Returning to the 6,058 submissions to the Crib Point Gas Import and Gas Pipeline Project and the underlying theme that the people want to retain Western Port’s unique environment in a world where such places are being destroyed by inappropriate industrialisation, perhaps ultimately, there may be only one solution:
Western Port be declared a UNESCO World Heritage Site.
Am I reaching for the stars, maybe?
Take for example, Submission 487 by Tasma Walton, a Bunwurrang/
Bunurong Custodian. I would suggest there is sufficient argument in this statement on which to base a case for world heritage listing. It is not the only one, for Submission 2663, by Casey City Council, along with many others, present coherent and plausible reasons that could be used to support the declaration.
Link this to the fact that Mornington Peninsula and Western Port Biosphere Reserve is a UNESCO designated area, and we are almost there.
However, even with UNESCO biosphere status, the Inquiry has shown that expert witnesses can present arguments that attempt to marginalise this status. Hence, it’s imperative that Western Port become a UNESCO World Heritage Site as soon as possible, for this may be the only way to thwart the ambitions of the next industrial raider and those that are sure to follow.
To commence the task, it would seem if an applicant can meet at least one of the ten UNESCO selection criteria, a case can be prepared. A good starting point is Selection criterion 9:
“To be outstanding examples representing significant on-going ecological and biological processes in the evolution and development of terrestrial, fresh water, coastal and marine ecosystems and communities of plants and animals.”
Our Old Women’s stories from pre-European contact, tell of a bay area teeming with whales, dolphins, seals, and occasionally orcas and sharks, although Lore speaks of agreements of sanctuary between these creatures in this significant area. Our stories speak of times when ceremony, song and dance made direct contact with cetaceans. This is not uncommon amongst many Aboriginal coastal clans along the marine Songlines. There are several, well-documented occasions of Europeans witnessing these interactions between cetaceans and Aboriginal people.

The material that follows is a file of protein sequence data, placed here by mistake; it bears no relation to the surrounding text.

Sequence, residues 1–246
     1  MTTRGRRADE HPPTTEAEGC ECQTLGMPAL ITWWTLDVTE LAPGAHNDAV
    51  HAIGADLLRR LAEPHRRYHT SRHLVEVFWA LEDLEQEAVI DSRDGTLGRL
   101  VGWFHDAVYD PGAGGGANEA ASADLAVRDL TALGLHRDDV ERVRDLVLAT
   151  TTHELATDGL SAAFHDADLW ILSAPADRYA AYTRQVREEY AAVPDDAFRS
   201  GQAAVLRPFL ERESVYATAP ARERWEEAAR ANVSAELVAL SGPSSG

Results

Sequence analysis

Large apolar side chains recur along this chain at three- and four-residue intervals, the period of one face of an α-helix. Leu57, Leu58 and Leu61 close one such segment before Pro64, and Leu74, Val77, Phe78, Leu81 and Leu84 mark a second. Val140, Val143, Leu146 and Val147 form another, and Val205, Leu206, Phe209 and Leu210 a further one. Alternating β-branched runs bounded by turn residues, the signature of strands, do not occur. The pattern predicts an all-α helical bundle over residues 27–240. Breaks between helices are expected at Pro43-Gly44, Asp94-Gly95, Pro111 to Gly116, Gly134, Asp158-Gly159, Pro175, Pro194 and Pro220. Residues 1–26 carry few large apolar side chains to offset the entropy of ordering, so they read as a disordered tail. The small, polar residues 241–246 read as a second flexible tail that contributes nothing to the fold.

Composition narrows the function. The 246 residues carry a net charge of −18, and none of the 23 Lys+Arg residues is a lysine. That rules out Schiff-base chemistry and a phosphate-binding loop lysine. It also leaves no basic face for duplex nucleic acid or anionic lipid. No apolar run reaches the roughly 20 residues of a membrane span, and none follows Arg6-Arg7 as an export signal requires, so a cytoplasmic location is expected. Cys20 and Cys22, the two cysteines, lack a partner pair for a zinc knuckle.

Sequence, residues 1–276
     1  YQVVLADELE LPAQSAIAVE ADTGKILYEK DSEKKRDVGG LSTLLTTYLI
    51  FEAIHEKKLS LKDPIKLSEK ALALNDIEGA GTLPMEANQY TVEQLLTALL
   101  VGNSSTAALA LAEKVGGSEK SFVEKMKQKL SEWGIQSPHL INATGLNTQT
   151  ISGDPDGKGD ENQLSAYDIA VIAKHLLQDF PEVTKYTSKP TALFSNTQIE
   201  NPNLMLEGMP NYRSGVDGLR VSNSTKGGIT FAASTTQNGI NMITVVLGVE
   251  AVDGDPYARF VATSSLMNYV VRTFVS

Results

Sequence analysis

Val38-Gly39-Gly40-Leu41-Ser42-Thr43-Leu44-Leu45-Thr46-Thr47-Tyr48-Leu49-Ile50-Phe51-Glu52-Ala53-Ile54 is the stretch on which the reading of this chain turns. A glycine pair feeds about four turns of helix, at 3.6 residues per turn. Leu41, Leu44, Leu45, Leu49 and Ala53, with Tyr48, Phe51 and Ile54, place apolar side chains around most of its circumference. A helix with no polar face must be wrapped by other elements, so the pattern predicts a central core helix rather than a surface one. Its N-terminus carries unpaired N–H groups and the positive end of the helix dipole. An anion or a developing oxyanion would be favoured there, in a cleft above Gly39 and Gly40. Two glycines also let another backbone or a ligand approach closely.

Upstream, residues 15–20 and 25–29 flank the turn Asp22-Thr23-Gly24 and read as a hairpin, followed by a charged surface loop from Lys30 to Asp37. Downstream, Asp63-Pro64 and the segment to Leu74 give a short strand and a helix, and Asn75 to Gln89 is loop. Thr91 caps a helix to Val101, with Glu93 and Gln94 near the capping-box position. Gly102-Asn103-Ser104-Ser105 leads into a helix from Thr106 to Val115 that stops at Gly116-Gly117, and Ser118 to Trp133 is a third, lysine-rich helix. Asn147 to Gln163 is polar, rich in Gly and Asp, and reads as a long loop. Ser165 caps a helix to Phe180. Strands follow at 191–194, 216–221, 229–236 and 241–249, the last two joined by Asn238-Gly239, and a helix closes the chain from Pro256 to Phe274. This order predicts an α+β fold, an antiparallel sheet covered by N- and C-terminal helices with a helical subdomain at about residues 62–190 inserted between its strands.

For Bunwurrang/Bunurong and Kulin Nation women, this contact, predominantly with whales and dolphins, in both Western Port Bay and Port Phillip Bay, was an extremely important element of our ceremonies and Initiations around Motherhood and Womanhood. And these traditions are being reclaimed and revived today, and thus the whales are returning.
Over the past decade, numbers of migrating whales entering the bay have been increasing. As evidenced in the Two Bay Whales Project survey from 2019, whales and their family pods, including calves, were sighted all the way into the Bay, around the Project Area and beyond, gathering around traditional Bunwurrang/Bunurong Women’s Country, and specifically, ancient whale ceremonial grounds and Dreaming sites around Sandy Point.
Extract from submission by Tasma Walton, Bunwurrang/Bunurong Custodian
If our politicians need any incentive to support this cause, I suggest they watch “Time to See”, for Dr Laura Brearley and her colleagues present a compelling reason why Western Port should now take centre stage.
Hope springs eternal and I may yet see the day when Greta sails into Western Port.